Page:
Hobby Gear > Public Aquarium Gear?

In some sad news I heard on the commute today, The Brookfield Zoo just outside Chicago came in to 16 dead stingrays in their temporary “Stingray Bay” exhibit. The temperature controls reportedly malfunctioned, and they came in to 90*F water and 16 dead stingrays. I can’t help but think… controller?

As a hobbiest, I have access to affordable control for my aquarium that can help prevent catastrophes like this. Of course, all equipment does have the potential to fail, and likely will at some point. But one might think that if I can have a (what, $500?) monitor that not only emails me, but sends a text message to my phone if something in the tank is awry, then why doesn’t a zoo that spends tens of thousands of dollar on an exhibit have something like this in place? Had the head aquarist had something like Neptune System’s Aquacontroller 3 in place, he could have possibly been woken up with a text when the temperature was raising, logged in and checked the status, and raced down to the zoo for a late night fix…

This brings me to “best practices” for a controller. It is simple enough to set your controller, we’ll take the AC3, for example, to turn heaters / chillers on and off at a given temperature. For those of you who have an AC3, you may have something like this:

If Temp < 79.0 Then HT1 On (Heater On when Temp drops to 79*F)
If Temp > 80.0 Then HT1 Off (Heater Off when Temp reaches 80*F)
If Temp > 80.0 Then COL On (Chiller On when Temp hits 80*F)
If Temp < 80.0 Then COL Off (Chiller Off when it drops the temp back down)
If Temp > 82.0 Then ALM On (Alarm on, i.e. send email / text if temp too high…)
If Temp < 78.0 Then ALM On (Alarm on if temp too low)

That code effectively provides the reef tank with a couple degree swing in temperature, turning on and off the appropriate temperature controls per the given range. If it goes out of range, an alarm is turned on (text message send to phone, email sent). That code works, albeit a bit simple since we’re not bringing into account fans / lights, and other gear for the purposes of this post. However, what about malfunctioning equipment, as in the case of Brookfield Zoo? In their case, the chiller never turned on, and the heater was left open ended to keep raising. This 2nd code set takes into account parameters way out of normal range sends and alarm, and just shuts the heater and chiller down. Leaving the chiller on may just keep cooling and cooling. The same goes for the heater.



If Temp < 79.0 Then HTR On (Heater On when Temp drops to 79*F)
If Temp > 80.0 Then HTR Off (Heater Off when Temp reaches 80*F)
If Temp > 80.0 Then COL On (Chiller On when Temp hits 80*F)
If Temp < 80.0 Then COL Off (Chiller Off when it drops the temp back down)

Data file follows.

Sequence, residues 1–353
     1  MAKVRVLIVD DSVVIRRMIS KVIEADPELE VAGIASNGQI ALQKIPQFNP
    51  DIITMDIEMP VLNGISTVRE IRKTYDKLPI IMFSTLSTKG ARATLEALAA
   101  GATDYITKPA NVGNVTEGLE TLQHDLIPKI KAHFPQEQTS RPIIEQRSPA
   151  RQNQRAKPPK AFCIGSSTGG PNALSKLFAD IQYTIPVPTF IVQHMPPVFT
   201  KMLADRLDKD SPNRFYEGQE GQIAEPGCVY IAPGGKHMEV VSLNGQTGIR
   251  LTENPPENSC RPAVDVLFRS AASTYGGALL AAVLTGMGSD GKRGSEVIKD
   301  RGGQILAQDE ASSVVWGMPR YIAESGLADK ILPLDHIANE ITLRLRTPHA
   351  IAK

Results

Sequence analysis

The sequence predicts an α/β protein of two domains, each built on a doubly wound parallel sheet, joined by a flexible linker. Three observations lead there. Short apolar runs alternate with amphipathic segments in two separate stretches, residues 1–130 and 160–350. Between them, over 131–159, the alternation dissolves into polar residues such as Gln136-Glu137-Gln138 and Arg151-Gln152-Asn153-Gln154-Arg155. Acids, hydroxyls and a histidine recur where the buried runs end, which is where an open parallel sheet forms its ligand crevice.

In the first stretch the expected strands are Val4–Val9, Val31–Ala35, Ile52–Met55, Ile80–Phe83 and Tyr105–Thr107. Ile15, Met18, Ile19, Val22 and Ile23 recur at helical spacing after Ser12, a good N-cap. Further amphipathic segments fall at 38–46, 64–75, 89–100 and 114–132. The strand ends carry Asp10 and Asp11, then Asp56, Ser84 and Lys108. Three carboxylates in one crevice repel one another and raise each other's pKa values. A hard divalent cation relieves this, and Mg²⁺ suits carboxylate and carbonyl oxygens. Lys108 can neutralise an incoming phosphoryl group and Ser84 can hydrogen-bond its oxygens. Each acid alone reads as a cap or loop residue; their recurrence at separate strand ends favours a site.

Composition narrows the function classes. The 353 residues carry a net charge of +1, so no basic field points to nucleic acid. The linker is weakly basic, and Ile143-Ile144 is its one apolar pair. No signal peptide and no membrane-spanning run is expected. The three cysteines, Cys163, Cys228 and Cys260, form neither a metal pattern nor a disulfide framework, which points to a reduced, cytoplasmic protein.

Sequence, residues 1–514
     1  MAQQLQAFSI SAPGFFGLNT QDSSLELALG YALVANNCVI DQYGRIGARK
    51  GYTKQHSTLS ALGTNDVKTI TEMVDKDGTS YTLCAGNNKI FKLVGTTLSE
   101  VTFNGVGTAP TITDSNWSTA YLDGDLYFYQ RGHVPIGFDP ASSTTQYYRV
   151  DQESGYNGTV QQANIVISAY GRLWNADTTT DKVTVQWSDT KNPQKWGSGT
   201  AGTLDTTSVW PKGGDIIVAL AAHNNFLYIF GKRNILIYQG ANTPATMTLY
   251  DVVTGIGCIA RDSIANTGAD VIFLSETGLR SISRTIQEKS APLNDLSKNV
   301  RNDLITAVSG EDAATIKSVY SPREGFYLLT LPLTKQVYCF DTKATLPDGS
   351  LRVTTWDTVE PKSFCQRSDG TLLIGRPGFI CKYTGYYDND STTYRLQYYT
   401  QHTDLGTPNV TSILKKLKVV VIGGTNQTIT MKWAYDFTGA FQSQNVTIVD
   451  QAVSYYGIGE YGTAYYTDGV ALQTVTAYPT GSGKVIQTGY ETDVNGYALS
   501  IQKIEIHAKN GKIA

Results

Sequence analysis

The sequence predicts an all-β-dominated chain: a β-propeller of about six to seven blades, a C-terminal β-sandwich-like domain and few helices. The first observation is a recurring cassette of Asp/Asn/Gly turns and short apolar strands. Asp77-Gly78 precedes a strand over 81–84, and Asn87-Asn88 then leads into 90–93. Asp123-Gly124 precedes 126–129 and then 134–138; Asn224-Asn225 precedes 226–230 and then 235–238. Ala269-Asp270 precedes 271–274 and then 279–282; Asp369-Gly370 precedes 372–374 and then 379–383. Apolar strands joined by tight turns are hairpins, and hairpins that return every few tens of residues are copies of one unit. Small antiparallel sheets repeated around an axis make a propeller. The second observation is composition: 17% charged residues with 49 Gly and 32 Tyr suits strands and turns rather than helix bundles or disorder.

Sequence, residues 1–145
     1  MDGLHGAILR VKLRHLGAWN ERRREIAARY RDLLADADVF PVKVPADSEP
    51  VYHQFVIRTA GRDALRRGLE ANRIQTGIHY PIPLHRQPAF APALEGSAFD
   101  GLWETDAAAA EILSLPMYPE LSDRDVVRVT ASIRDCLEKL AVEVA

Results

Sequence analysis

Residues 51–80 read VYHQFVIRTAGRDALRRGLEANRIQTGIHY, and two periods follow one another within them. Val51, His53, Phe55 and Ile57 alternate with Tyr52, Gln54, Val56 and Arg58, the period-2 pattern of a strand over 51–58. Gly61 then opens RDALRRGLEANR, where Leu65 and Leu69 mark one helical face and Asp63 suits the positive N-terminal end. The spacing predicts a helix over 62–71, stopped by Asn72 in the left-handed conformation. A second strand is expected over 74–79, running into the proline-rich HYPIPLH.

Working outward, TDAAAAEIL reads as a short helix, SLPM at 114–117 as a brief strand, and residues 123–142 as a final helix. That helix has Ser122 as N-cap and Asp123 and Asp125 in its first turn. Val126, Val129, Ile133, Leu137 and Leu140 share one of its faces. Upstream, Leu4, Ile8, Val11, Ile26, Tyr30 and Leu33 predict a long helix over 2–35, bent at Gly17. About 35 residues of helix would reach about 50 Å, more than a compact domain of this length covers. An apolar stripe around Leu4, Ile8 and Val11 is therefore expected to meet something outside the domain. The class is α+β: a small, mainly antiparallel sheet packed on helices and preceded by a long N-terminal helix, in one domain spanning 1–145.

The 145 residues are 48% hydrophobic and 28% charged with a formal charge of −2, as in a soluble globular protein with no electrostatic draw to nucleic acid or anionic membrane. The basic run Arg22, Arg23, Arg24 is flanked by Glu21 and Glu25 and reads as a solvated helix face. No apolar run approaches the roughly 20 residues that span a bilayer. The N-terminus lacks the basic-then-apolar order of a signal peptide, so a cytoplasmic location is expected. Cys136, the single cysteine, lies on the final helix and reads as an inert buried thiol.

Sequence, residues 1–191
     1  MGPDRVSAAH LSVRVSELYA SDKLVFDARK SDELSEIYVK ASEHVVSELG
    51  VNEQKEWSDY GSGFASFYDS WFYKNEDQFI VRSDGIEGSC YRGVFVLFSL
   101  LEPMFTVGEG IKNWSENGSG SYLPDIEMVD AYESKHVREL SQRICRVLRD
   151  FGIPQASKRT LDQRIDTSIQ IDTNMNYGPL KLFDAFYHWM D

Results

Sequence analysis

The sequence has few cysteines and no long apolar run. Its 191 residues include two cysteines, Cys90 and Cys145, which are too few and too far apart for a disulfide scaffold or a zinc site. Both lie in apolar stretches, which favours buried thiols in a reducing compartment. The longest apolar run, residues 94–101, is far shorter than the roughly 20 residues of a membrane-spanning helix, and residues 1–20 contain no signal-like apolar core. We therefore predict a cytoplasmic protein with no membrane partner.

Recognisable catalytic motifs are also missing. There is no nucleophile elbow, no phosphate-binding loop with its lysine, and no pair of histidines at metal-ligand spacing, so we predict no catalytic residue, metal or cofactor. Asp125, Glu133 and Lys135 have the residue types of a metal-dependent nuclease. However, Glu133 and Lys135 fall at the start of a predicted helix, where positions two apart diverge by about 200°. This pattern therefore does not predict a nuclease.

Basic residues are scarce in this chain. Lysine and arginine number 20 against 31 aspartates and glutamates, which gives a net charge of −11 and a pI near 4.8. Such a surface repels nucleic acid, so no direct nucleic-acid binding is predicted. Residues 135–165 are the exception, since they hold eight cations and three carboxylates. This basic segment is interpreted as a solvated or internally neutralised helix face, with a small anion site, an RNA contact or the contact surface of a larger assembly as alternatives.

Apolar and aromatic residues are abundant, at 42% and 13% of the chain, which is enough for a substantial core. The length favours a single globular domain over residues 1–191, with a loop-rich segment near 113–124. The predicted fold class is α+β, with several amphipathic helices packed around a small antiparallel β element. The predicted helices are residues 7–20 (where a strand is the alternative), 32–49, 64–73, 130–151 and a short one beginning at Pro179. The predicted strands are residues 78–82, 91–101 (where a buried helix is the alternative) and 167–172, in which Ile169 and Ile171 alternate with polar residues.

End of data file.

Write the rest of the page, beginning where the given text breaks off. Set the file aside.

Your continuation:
If Temp > 82.0 Then ALM On (Alarm on, i.e. send email / text if temp too high…)
If Temp < 78.0 Then ALM On (Alarm on if temp too low)
If Temp < 75.0 Then COL Off
If Temp < 75.0 Then HTR Off (Temp way too low, cut heat off, something is up)
If Temp < 75.0 Then ALM On (Another alarm)
If Temp > 84.0 Then COL Off (Temp way too high, turn chiller off, something wrong)
If Temp > 84.0 Then HTR Off (Temp way too high, make sure heater off)
If Temp > 84.0 Then ALM On (Alarm notification)

I do really wonder now what kind of gear Brookfield has in place. With all the time and money I’ve spent on my tank, a controller is really not even a question.

Of course, one can’t completely avoid mechanical failure, but I at least feel a bit better taking the extra step with a couple fail safes in the code & text message alarms. I have been woken up in the middle of the night by a text message from the aquarium controller telling me the water was 65*… ran downstairs and turns out I forgot to plug the heaters back in after the water change earlier that night.

On the other hand, I was out of town for 4 days and kept getting messages that my tank was pushing 87*F. I logged into the AC3 from 500 miles away, made sure heaters were off, fans on, though there was nothing I could do - so I turned off the alarm and tried to ignore the nerve to just hop in the car and drive the 6 hours home ;). Turns out our A/C had not turned on and the house was boiling, the aquarium gear couldn’t keep up with it.

Basic idea - Sh*t happens, but there are steps we can take to help avert disaster. The peace of mind a controller can offer is indispensable, in my opinion. I wonder what may have been if the zookeeper got a text at midnight that “Stingray Bay” temperature was out of the ordinary? Could they have run out and fixed it?

Gotta leave the ringer on though. Vibrate may not wake you up…